We didn’t always think each snowflake was special.
In fact, we didn’t think much of snowflakes at all. Except what a hassle they were en masse. Until Wilson Bentley came along. Which was 1865 in Jericho, a quiet corner of Vermont with one daily train and over 120 inches of snow in the winter.
Mr. Bentley was raised on a 10-cow dairy farm and educated by his mother, her encyclopedias, and an old microscope she had from her teaching days.
He loved to stick flowers and bird feathers and water drops under the microscope. But it was the snowflakes that fascinated him most.
“Snowflakes were miracles of beauty,” he would say. “It seemed a shame that this beauty should not be seen and appreciated by others. Every crystal was a masterpiece of design and no one design was ever repeated. When a snowflake melted…that much beauty was gone, without leaving any record behind.”
He knew there were cameras that photographed through microscopes. And when he was 17, he and his mother convinced his father to buy this camera-microscope set-up. It was the set-up he used for the next 50 years.
With it, Mr. Bentley made records of snowflakes for others to see. Storm after storm, year after year, he stood outside in his felt hat with his compound microscope and bellows camera taking pictures. The neighbors, he knew, thought he was a little cracked. “I’ve just had to accept that opinion and try not to care,” he said.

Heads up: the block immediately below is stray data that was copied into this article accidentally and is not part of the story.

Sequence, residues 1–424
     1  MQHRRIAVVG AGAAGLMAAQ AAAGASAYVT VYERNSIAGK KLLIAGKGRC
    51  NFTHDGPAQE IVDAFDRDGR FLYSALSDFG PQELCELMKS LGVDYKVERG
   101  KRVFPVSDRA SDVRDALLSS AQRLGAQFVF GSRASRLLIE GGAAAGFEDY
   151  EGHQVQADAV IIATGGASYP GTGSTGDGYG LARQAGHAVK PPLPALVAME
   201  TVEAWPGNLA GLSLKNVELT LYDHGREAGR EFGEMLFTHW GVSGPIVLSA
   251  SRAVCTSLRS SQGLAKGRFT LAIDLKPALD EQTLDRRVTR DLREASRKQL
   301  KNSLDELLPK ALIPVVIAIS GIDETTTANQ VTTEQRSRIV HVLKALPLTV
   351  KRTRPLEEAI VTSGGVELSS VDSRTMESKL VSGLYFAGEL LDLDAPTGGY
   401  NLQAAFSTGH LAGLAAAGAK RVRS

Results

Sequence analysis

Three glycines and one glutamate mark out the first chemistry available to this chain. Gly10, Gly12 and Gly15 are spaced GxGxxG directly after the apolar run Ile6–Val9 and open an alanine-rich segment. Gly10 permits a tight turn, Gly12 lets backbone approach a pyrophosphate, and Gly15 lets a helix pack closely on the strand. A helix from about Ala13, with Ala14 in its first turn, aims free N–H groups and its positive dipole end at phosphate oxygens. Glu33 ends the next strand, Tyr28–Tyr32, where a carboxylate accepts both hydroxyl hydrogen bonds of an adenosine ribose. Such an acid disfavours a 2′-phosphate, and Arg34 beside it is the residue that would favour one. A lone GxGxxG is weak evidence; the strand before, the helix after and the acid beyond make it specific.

He wrote articles, a book, even the entry “snow” for the 14th edition of the Encyclopedia Britannica. But there was no great fame or great money made in it. He owned one dress-up suit and still lived on the Jericho dairy farm, though he had grown it from 10 to 20 cows.
“I am a poor man, except in satisfaction I get out of my work,” he once reflected. “In that respect, I am one of the richest men in the world. I wouldn’t change places with Henry Ford or John D. Rockefeller for all their millions. I have my snowflakes!”
Five thousand, in fact. Which was the number of pictures he took in his 50 years of quiet, passionate work.
And after those years, when Mr. Bentley died at the age of 66, the local newspaper wrote of him:
“Greatness blooms in quiet corners and flourishes under strange circumstances.”